What Is A Buy Nothing Christmas?

What Is A Buy Nothing Christmas?

Here comes the next part of our Christmas shopping season series!
Buy Nothing Christmas, at the first glance, may seem strange for anyone who first heard of the term. We always try to give our family & friends the best gifts in the Christmas holiday, there are also many sale days in this season, why buy nothing?
Well, it makes sense!
According to Wikipedia, Buy Nothing Christmas started unofficially in 1968, when Ellie Clark and her family decided to publicly disregard the commercial aspects of the Christmas holiday. Contemporarily, a movement was created to extend Adbusters' Buy Nothing Day into the entire Christmas season. Buy Nothing Christmas first became official in 2001 when a small group of Canadian Mennonites created a website and gave the movement a name. Adbusters in 2011 renamed the event Occupy Xmas, a reference to the Occupy movement.

Buy Nothing Day was first joined with Adbusters' Buy Nothing Christmas campaign. Shortly after, Lauren Bercovitch, the production manager at Adbusters Media Foundation, publicly embraced the principles of Occupy Xmas, advocating "something as simple as buying locally—going out and putting money into your local economy—or making your Christmas presents".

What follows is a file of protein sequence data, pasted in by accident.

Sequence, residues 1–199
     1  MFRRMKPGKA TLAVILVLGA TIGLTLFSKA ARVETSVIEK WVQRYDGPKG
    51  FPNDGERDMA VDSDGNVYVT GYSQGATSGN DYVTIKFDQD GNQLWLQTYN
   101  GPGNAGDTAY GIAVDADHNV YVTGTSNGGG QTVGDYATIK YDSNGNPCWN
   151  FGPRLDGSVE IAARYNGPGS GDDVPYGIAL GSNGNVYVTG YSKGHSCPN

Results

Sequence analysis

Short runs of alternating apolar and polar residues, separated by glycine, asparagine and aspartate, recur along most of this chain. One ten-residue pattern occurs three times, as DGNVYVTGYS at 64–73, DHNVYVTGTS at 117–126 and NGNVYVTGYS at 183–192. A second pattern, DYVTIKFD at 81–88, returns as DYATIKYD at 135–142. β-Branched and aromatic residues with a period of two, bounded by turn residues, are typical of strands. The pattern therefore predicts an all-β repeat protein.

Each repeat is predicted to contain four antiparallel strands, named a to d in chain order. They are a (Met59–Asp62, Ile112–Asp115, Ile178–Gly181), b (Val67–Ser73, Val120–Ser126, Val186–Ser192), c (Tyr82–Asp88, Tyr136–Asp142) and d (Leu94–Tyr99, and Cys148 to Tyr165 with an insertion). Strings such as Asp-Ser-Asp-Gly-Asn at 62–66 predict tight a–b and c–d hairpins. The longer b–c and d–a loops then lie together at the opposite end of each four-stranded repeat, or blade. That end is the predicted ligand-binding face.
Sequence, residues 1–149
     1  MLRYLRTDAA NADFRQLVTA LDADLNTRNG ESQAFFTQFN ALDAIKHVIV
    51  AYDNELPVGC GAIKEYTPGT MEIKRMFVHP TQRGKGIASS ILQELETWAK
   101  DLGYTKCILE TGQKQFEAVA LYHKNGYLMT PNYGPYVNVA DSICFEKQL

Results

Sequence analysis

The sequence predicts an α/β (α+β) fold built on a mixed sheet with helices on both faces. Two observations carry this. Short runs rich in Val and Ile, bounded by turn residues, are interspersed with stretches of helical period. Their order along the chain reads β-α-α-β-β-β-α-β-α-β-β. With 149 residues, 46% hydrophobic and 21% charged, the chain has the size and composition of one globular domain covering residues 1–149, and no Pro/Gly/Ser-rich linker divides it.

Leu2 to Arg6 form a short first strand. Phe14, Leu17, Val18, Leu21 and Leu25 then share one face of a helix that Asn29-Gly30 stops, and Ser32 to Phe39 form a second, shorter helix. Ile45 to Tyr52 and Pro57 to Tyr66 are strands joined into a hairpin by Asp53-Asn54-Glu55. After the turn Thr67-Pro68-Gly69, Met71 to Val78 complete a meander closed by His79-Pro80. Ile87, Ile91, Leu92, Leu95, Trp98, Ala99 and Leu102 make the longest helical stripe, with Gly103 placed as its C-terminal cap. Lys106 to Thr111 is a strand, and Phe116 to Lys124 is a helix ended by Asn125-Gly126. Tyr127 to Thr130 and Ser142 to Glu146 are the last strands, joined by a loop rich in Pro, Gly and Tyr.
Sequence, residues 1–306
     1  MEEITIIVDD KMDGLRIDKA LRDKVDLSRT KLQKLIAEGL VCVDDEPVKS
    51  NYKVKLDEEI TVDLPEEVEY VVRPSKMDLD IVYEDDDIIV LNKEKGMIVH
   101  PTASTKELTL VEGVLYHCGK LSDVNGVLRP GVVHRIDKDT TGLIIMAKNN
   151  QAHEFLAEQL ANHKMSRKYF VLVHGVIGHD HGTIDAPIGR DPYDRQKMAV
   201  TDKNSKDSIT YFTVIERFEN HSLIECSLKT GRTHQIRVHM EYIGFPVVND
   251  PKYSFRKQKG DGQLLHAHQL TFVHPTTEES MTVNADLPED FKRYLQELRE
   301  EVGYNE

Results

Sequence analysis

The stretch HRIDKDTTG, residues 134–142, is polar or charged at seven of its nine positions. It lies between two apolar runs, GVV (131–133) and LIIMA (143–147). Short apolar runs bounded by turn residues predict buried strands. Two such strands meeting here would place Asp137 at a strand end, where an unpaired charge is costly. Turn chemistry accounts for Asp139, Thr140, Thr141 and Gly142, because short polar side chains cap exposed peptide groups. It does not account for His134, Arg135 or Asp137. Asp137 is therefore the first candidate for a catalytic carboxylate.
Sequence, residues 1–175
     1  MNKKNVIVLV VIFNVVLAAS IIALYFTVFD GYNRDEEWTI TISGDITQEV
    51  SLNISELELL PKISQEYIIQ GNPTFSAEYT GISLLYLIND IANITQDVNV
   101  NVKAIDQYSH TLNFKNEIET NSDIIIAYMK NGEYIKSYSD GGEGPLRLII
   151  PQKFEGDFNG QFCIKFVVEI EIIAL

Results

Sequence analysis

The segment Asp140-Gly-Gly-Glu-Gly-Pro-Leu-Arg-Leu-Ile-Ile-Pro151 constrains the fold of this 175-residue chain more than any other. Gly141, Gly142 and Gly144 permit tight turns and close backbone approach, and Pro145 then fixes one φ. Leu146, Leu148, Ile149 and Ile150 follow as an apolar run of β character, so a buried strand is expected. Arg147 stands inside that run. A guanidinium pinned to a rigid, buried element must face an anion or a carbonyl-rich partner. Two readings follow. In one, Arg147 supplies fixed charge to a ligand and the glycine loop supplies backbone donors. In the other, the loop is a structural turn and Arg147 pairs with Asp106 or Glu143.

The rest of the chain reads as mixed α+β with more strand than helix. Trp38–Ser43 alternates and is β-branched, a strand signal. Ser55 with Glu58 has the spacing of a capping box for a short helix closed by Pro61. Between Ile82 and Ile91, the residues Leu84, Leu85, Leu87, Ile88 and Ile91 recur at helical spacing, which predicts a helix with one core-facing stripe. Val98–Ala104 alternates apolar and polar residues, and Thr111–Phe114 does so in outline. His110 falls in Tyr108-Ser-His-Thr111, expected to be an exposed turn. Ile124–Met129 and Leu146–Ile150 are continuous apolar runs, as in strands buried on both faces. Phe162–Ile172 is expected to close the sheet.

Previously, the central message of Occupy Xmas and Occupy Christmas differed in that Occupy Xmas called for a "Buy Nothing Christmas" and Occupy Christmas called for support of the local economy, artists, and craftspeople in holiday shopping. The union of these ideologies calls for a Buy Nothing Day to kick off a season of supporting the local economy and family.
Buy Nothing Christmas suggests that, instead of buying a pile of glitzy presents, give a personal gift. That could involve giving someone a gift of your artwork, a collection of meaningful photos, a collection of favorite family recipes, a shared trip to a movie, a coupon for babysitting to new parents, a charitable donation in the giftee's name, etc.
When you do buy things, Enns encourages you to remember principles like buying locally-produced, fairly-traded products with environmentally friendly or no packaging. Recycling or reusing is also a good principle to keep in mind when considering Christmas gifts.
We hope our handmade vase could be one of the gifts worth buying on this day!

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